The custom of whipping was well known all over the country. The scourge used to be a clerical sacrament back in the 15th and 16th centuries. Then in one of his surviving sermons the famous preacher Temesvári Pelbárt scolded those people who distorted this clerical custom, using it for indecent jokes (Dömötör, 1979:163–164). In the 16th century, Hungarian students studying in Krakow were punished several times for this custom. Later, as the custom was fading away, only children would be flogged: “Be obedient, be healthy, be fresh and do not get boils” – they were told while they were given a light spanking with a cane. For women and girls there was a custom with a similar function. They would be caned by youths while the latter wished not to get headaches or toothache. For example, along the Danube (in Győr-Moson-Sopron County) boys conducted floggings before being initiated into manhood. The youths would go to houses containing girls and whip the people in the household. Girls would tie ribbons on the whips and mothers would give pieces of meat that had been wrapped up to the group of youths. Then the young men would return to the tavern where they cooked the meat in a cauldron. The youths would eat this together on the feast following their initiation (Bálint, 1989:127–129; Tátrai, 1990:258).
New Year’s Eve – New Year
In old villages people spent New Year’s Eve differently to how they do nowadays. Noisemaking [“kongózó”] youths and shepherds went around the village, making a lot of noise with horns, bells, pots and lids. This custom evoked ancient traditions for repelling evil. On New Year’s Eve people ate pork but not poultry, as people believed that pigs dug out luck, while hens kicked it behind. Lentils were believed to bring a lot of money to the household. On New Year’s Day various greetings and toasts were customary. For example, groups of boys went to houses, expressing the following good wishes: “A happy New Year! Wine, wheat, apricots, piglets, wheels to my cart, bottom to my jug, red wine to my glass, let me drink plenty in the New Year!” [“Boldog új évet! Bort, búzát, barackot, kurta farkú malacot, szekerembe kereket, köcsögömbe feneket, poharamba vörösbort, hadd ihassak bőven, az új esztendőben!”]. In the end they wished a happy New Year again and received money from the inhabitants of the house. In some regions it was a custom that on New Year’s Day a youth would be clad as an old man and a child would flog him all along the main street of the village to symbolise that the new year had driven away the old year (Bálint, 1989:130–134).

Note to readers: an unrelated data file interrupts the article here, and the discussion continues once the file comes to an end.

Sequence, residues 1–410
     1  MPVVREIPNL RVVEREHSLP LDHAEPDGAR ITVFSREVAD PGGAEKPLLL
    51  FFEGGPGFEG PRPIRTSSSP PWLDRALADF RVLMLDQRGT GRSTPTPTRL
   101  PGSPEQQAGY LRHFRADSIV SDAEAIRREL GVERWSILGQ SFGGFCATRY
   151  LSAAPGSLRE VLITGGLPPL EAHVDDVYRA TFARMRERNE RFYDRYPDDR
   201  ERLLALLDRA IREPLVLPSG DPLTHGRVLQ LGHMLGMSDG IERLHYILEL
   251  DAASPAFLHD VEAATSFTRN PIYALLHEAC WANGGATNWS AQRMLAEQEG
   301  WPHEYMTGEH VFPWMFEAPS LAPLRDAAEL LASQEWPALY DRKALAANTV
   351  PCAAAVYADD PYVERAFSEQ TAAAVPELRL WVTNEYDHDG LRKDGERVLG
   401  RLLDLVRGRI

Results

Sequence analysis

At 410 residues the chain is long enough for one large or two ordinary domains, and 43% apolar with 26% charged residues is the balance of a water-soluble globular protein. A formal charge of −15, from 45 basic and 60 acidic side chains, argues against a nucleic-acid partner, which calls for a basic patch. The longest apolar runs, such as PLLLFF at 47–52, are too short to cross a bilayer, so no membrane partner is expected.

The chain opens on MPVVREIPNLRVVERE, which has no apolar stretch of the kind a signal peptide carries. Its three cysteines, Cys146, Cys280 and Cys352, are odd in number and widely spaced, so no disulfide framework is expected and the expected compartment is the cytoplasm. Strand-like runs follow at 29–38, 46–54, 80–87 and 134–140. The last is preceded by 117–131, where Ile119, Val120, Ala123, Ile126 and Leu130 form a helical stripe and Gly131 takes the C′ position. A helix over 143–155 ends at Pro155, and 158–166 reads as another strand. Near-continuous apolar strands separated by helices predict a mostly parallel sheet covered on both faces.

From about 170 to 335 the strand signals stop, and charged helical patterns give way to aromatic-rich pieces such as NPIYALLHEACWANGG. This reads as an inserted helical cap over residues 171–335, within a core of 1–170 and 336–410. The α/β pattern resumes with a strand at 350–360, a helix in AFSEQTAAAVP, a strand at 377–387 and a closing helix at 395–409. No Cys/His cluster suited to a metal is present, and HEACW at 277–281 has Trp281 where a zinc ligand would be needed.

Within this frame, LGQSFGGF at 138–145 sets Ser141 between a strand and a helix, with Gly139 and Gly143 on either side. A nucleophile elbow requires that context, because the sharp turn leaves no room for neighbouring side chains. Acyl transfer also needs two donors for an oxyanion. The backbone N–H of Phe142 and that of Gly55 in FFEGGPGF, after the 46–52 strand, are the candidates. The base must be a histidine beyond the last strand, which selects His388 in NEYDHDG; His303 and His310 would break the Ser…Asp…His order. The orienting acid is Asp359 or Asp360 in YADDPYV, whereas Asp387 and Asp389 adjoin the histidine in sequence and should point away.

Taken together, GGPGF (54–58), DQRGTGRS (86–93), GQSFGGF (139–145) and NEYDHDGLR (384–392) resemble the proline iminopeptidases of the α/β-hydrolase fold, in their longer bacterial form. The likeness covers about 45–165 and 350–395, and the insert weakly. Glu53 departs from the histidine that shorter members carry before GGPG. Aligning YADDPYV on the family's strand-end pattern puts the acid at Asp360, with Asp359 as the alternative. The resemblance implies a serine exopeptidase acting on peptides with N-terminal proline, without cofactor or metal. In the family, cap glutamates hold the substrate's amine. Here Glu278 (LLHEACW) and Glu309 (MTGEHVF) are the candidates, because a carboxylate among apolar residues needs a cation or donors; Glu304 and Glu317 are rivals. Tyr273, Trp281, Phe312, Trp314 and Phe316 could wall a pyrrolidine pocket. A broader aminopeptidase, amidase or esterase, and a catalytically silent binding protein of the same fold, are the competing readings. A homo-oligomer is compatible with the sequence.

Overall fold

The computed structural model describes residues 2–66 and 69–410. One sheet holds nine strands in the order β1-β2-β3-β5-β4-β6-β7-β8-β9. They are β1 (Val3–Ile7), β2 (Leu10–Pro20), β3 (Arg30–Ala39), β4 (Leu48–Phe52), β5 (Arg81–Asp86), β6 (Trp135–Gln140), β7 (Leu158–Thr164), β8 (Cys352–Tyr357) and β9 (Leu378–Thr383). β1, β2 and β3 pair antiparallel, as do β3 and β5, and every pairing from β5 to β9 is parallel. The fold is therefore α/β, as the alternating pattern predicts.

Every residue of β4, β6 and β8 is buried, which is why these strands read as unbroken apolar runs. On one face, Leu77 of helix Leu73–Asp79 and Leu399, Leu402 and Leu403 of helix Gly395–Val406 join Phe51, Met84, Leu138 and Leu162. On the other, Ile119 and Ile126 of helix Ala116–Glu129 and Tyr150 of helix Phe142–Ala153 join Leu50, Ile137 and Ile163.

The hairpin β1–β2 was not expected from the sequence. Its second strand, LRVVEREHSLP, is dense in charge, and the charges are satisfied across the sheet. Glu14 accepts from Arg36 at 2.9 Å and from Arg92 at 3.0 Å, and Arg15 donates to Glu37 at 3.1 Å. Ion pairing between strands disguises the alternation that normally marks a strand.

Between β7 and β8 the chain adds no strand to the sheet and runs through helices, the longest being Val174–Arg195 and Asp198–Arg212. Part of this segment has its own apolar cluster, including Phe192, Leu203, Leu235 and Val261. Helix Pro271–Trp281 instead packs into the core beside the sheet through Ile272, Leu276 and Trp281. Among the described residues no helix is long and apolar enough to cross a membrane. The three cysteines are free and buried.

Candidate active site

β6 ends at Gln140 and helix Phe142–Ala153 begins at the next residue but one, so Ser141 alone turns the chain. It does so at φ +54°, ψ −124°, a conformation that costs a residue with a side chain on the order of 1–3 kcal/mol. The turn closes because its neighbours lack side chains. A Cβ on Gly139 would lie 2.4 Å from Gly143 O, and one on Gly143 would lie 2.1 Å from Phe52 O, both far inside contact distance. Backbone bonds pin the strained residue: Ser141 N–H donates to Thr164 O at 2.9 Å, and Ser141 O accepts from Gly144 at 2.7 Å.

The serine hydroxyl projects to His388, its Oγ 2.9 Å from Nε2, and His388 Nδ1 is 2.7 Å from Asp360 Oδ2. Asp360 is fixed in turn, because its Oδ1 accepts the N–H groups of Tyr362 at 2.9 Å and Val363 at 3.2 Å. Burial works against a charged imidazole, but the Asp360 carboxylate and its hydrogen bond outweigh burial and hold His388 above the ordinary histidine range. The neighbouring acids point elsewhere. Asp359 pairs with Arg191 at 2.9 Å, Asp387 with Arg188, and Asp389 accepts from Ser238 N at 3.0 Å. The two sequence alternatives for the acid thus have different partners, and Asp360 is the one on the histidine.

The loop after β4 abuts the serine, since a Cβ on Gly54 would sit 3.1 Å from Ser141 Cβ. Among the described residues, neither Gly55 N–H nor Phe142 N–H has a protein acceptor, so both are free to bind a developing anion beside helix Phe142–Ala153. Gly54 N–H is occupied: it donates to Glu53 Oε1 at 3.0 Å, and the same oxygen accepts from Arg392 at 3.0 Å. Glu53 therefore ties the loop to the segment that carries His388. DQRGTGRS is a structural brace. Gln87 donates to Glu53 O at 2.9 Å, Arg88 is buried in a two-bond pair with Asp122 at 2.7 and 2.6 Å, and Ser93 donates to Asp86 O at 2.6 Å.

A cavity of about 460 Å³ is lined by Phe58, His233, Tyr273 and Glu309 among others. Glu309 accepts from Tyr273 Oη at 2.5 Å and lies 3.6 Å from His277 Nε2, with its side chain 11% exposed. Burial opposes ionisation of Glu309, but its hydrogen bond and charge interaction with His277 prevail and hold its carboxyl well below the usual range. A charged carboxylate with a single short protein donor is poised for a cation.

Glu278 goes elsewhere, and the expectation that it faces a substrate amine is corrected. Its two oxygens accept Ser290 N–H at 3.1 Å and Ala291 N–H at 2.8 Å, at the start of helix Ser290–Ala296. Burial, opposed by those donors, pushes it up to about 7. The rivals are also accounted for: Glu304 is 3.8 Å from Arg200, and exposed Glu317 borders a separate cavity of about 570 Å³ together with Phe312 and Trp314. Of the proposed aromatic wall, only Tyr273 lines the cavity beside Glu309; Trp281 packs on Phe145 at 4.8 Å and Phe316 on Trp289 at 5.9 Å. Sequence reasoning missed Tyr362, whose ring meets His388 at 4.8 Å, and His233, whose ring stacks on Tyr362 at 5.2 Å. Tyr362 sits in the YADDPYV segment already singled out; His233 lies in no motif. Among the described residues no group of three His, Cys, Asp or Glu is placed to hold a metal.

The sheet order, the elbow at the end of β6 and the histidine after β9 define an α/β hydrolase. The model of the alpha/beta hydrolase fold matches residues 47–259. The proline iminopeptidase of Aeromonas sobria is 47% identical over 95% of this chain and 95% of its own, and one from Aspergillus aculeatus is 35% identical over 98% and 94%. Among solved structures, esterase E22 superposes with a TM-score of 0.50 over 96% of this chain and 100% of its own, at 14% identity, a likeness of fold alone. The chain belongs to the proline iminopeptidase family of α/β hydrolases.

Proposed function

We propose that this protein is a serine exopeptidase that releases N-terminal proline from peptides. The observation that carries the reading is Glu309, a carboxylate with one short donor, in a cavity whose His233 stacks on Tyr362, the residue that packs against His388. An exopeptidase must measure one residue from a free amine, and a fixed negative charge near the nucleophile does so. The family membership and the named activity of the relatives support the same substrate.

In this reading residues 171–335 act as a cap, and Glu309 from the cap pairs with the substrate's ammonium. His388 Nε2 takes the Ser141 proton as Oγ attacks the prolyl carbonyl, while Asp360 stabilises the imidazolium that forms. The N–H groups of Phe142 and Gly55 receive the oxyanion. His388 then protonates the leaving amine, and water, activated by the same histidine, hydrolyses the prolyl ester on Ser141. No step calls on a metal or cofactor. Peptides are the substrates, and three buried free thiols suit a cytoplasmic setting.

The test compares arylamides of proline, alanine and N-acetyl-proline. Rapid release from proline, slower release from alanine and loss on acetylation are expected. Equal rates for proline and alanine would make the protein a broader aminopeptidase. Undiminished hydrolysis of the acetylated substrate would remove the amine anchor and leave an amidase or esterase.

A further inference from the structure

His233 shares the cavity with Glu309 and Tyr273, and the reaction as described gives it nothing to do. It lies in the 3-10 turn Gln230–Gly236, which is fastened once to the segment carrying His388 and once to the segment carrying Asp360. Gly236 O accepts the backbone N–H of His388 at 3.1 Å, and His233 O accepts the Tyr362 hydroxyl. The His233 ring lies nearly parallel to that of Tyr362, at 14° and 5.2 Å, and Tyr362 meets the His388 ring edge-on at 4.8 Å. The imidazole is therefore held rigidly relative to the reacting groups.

Epiphany (6 January)
Christmastide ends at Epiphany [“Vízkereszt” in Hungarian, meaning water baptism] which was the day when people cleared the Christmas table and, in later times, removed the Christmas tree. In Hungarian, the day is named after the christening of Jesus in the temple as described in the Bible. In remembrance of this event, water was consecrated in the church in Catholic regions (the Three Magi’s water). Each household kept a small portion of the consecrated water throughout the year so that it could be used to heal illnesses. Consecrated water was also believed to keep evil away from the house, and so some was poured into the well.
This was the time for the custom of the visitation of the Three Kings, or the Three Wise Men from the East, who were named Caspar, Melchior and Balthazar in the vernacular. This was a custom of personification, mummering and greetings. Children clad in white or young women with paper crowns on their heads would go from house to house with stars in their hands and sing greeting songs. In some regions, the custom was also called “adorning with stars” [“csillagozás”] (Tátrai–Karácsony Molnár, 1997:30–37).
Carnival Period (from Epiphany to Ash Wednesday)
In folk culture carnival time was the season of feasts and weddings. For centuries the church forbade merry-making; priests regularly preached against carnival revelry. In the 16th century, for example, Miklós Telegdi spoke from the pulpit that, “Whoever goes around in a mask against the commandment of God, men clad in women’s clothes and women in men’s clothes, boozing… forgetting themselves as they serve their stomach and throat, absorbed in revelry and drinking and fooling around in masks and costumes …” (Dömötör, 1979:88).